In the course of describing a fascinating empirical study he’s spearheading on how field trips to art museums affect educational outcomes, Jay Greene eloquently argues that we need to widen our views of the purpose of education. Or rather, that the professional class of education policy people needs to widen its views:
The problem is that a good number of policymakers, pundits, and others who control the education system seem to think that the almost-exclusive purpose of education is to impart economically useful skills. Math and reading seem to these folks to be directly connected to economic utility, while art seems at best a frill. If resources are tight or students are struggling, they are inclined to cut the arts and focus more on math and reading because those subjects are really useful while art is not.
This economic utility view of education is mistaken in almost every way. Most of what students learn in math and reading also has no economic utility. Relatively few students will ever use algebra, let alone calculus, in their jobs. Even fewer students will use literature or poetry in the workplace. When will students “use” history? We don’t teach those subjects because they provide work-related skills. We teach algebra, calculus, literature, poetry, and history for the same reasons we should be teaching art — they help us understand ourselves, our cultural heritage, and the world we live in. We teach them because they are beautiful and important in and of themselves. We teach them because civilized people should know them.
I’m with him on the main point, but I’m planning to cause some trouble in the comments. I’m not sure it’s true that math and reading aren’t as fundamentally economic as art. At a more basic level, I don’t think you can separate economic from “civilizing” motives that easily. As I wrote a while back:
These days, if a child asks why he should care about doing well in school, what kind of answer does he get? He gets the same answer from every source: from parents, teachers, and school administrators; from movies and TV shows; from public service announcements, social service programs, and do-gooder philanthropies; from celebrities, athletes, and actors; from supporters and opponents of education reform; from everybody.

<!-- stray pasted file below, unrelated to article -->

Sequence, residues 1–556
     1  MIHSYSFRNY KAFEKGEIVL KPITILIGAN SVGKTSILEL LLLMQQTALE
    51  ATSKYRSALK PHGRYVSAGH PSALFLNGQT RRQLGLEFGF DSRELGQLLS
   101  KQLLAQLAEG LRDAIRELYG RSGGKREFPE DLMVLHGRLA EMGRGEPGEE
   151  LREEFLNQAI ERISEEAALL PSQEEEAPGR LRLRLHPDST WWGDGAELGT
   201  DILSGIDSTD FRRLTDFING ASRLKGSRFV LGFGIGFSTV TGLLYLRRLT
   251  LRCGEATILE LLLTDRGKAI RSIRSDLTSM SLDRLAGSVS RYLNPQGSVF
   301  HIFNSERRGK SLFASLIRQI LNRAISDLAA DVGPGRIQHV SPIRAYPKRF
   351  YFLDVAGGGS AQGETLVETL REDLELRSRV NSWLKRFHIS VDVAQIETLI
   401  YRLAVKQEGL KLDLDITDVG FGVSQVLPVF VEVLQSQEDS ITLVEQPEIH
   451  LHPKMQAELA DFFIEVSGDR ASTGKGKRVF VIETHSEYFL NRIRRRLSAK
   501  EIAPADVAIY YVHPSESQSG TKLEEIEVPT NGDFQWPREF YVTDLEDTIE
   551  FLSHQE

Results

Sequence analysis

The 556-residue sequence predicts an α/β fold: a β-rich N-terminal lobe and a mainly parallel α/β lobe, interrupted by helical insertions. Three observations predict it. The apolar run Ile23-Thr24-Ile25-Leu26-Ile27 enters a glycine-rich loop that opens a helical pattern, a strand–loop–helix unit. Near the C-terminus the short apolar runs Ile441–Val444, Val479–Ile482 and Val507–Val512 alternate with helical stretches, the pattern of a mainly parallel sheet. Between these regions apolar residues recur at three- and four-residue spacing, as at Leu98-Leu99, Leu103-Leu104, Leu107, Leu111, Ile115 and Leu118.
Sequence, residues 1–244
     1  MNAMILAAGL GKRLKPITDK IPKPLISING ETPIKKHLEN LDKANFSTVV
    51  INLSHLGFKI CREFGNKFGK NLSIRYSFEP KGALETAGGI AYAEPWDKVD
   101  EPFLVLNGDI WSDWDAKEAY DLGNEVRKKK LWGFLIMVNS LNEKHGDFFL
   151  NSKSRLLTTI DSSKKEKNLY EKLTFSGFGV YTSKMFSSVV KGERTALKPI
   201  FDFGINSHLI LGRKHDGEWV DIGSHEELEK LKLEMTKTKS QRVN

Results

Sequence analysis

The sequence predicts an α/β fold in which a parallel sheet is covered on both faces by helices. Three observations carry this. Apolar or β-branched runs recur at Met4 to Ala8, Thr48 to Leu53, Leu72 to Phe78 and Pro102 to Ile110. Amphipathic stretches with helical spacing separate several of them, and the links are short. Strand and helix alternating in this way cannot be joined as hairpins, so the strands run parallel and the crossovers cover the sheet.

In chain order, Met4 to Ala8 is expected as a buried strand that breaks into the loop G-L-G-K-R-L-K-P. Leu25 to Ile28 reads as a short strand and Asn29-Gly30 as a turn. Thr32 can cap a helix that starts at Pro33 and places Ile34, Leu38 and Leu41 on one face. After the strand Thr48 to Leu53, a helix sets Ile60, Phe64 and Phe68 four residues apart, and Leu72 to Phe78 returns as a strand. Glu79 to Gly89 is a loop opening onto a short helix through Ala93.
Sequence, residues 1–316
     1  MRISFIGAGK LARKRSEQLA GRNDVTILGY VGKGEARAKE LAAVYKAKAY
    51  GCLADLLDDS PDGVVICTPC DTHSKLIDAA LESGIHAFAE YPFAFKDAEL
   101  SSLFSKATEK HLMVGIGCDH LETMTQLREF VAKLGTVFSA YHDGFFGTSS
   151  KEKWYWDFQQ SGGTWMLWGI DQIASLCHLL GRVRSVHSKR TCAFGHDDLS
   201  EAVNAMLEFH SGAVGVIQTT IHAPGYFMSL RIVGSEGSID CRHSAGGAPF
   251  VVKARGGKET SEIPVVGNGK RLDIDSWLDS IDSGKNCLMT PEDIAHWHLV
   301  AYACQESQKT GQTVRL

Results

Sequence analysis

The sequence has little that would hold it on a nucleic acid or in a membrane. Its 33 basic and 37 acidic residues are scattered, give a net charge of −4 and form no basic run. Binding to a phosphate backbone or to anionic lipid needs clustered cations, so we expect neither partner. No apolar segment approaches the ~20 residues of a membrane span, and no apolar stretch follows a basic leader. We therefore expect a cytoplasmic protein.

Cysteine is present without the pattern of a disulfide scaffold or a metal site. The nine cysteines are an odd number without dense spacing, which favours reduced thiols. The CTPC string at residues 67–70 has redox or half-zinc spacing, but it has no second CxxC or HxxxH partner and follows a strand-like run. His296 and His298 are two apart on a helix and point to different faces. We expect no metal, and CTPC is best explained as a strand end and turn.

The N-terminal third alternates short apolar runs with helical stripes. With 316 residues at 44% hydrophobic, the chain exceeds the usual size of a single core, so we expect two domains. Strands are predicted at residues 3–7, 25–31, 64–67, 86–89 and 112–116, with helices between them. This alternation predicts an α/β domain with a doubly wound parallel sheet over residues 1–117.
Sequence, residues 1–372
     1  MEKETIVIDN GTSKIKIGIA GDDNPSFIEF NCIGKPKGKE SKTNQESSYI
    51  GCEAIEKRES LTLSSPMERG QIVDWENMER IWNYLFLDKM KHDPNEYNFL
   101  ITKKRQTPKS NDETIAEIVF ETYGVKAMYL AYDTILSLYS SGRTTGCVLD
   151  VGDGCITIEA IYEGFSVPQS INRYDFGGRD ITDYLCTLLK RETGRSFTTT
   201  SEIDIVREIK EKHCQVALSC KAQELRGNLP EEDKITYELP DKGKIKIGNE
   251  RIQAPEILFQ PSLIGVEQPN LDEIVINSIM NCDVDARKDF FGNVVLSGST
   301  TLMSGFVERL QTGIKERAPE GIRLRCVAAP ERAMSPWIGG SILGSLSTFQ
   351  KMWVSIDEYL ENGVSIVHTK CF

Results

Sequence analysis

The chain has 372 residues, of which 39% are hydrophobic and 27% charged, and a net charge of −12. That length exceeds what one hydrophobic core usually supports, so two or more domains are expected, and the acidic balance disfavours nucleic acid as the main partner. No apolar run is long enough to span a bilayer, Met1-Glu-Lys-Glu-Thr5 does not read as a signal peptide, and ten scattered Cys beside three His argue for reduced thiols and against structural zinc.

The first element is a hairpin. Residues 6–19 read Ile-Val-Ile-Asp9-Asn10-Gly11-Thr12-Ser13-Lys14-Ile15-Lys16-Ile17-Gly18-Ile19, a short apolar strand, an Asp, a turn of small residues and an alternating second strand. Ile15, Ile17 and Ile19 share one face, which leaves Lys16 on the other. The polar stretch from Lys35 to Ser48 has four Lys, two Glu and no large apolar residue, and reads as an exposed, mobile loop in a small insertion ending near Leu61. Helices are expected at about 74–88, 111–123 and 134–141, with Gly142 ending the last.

The answer is always some version of: you need to do well in school in order to have prosperity later in life.
Well, if you scrape away the sanctimony, what is this but a “bribe” on a colossal scale? …
Now, as it happens, I would prefer that the cash motive not be the only reason we offer kids to do well in school. I think our culture has been remiss in emphasizing education as an opportunity to become a better person, both morally (through character formation, a concern that the government school system seems to have largely dropped or subordinated, though private schools make it a top concern) and developmentally (because those who learn more and develop their capacities more fully have richer, more blessed lives).
But I also think that denying the presence of a strong financial motive in education is a fool’s errand. Kids will always care about how their education impacts their material well-being. And so they should — looking after one’s own material well-being is a good and natural concern.
Moreover, kids aren’t fully able to appreciate the moral and developmental motives for education until well after their education is complete. The 30-year-old, looking back, may well say, “If I hadn’t worked hard in school and had such great teachers, my personal character and my capacity for a fully human life would have been infinitely poorer.” But try explaining that to a ten-year-old.
To train students at all, you need to motivate them primarily with something that they understand. That means either “bribes” or punishments for failure. Bribes are the more humane option.
What do you think?